Notice how parking makes a difference? You’re exchanging concrete for something more worthwhile (cheaper, too). Smaller buildings typically have less of an impact on the parking landscape, even at similar densities.Note: the green square satellite image of Edinburgh (my old flat) is composed of a series of building, all similar in style, built at the same time, but distinct buildings of 4 stories each containing about 8 to 10 units each.
- Monotonous streetscapes are almost always a byproduct
Even in a finely regulated mixed use format, large block products nearly always result in monotonous streetscapes. Building such an expansive building with such a tremendous amount of risk results in cost-savings measures. One of those measures is usually street level urban design. It’s certainly a set above a blank wall, but lacks the excitement and vibrancy that our cities so desperately need. Here’s the streetscape from the Dallas example above (thanks to the great Old Urbanist for the images):
This is density without urbanism, and it doesn’t help our places much.
Strong cities and towns need to create development models that allow our urban development to occur incrementally and on a much smaller scale. You need to be able to build something without having to secure $75 million in financing.
Here’s my proposal:
The city (in this case, Minneapolis) takes a municipal parking lot (here); and instead of selling it to one developer, it subdivides the into multiple parcels (for example). To promote development, the city could do something as simple as sell the parcels off at $1 (or even $100,000) and enact site-specific code (e.g.: height, urban design, etc.). Doing this with city land as a starting point, would be, in a way, incentivizing the mid-scale urbanism-centric development without the use of direct tax subsidies.
In a sense, we need to move beyond the scale of big. For urbanist development, we’ve lost the ability to do it well small. That’s what we need to bring back.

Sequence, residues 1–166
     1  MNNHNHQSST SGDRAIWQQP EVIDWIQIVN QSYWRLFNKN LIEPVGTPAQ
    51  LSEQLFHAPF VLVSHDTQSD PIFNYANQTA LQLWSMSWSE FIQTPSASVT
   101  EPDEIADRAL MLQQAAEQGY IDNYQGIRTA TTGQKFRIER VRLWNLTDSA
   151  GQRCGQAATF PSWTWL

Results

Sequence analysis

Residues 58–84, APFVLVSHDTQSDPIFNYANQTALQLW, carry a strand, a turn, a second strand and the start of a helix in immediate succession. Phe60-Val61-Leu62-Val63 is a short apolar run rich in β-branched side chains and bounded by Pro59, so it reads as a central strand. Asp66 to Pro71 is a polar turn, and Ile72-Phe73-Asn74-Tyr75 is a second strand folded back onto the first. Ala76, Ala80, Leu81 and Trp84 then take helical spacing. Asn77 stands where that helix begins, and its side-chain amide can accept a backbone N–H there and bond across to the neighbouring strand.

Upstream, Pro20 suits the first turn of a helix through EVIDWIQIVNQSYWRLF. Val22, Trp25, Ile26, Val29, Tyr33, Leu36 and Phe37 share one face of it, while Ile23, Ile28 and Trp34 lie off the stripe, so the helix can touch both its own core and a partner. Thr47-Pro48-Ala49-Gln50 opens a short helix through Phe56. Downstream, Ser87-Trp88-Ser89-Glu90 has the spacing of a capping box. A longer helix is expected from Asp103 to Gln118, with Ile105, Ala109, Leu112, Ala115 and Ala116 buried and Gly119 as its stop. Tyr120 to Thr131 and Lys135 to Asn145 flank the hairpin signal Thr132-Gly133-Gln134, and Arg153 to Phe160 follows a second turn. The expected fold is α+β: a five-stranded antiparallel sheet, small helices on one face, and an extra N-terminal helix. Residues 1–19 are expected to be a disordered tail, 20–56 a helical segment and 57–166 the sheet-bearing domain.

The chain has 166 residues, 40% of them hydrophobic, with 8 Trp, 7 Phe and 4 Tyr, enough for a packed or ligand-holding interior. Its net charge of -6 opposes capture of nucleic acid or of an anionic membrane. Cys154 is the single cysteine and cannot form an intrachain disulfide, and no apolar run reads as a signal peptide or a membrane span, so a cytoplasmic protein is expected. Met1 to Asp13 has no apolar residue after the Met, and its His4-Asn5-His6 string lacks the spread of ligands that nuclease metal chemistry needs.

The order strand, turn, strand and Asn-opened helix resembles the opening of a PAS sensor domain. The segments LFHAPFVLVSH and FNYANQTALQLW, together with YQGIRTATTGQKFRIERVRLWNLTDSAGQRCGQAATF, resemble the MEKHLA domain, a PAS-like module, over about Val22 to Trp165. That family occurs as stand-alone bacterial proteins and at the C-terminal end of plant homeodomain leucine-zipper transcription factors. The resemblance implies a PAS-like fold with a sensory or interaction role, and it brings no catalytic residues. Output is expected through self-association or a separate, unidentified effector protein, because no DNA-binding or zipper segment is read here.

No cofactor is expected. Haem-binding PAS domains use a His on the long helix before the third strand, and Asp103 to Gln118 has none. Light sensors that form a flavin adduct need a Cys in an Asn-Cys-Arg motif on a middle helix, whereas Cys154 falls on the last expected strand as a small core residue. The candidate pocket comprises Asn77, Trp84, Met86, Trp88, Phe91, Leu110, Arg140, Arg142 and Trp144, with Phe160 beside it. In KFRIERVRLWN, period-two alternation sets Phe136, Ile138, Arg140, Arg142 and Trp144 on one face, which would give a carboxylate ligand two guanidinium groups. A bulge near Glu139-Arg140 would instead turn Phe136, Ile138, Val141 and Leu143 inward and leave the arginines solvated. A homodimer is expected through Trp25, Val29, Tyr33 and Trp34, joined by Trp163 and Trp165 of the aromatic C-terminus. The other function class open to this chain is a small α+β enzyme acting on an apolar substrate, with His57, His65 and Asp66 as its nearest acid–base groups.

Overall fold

This proposal could even be taken one step further: what if architects, builders and developers could bypass most local zoning and building codes? I’m not entirely sure if it is politically possible in most places, but I’m confident it would aid in the developing of small, incremental buildings. There would need to be stipulations: it wouldn’t be “code free” per se, but more so a list of aims and objectives that would need to be reached. Aims and objectives would be things like good urban design, added street density, transit-accessibility, walkability and decent architecture.
In a sense, we’d be trying to achieve a version of Form Based Coding, minus the regulations that require a costly elevators for two to three story buildings. I’m certain we can come to a societal consensus on what’s a good code and what’s a bad code. My rule of thumb is when you look at a code you can’t immediate pinpoint who lobbied for it.
Stanion’s 500 word essay on urbanism, and the magic thereof, beautifully illustrates an important piece of our environment:
I believe that urbanism will save us, but that’s not why I’m an urbanist. I love cities not because they are efficient, but because they are magical: because you never know what you’ll find around the next block, or who might bump into you there, what you might say to them and how that might change your life. It’s the city’s magic, not mortar, that holds us all together.
Or, as I read it: Adventure. Surprise. Engagement. Interaction. Engagement. Urbanism.
All these things are possible with urbanism, but not necessarily with just density. Now, it’s our job to make that urbanism – that magic – happen.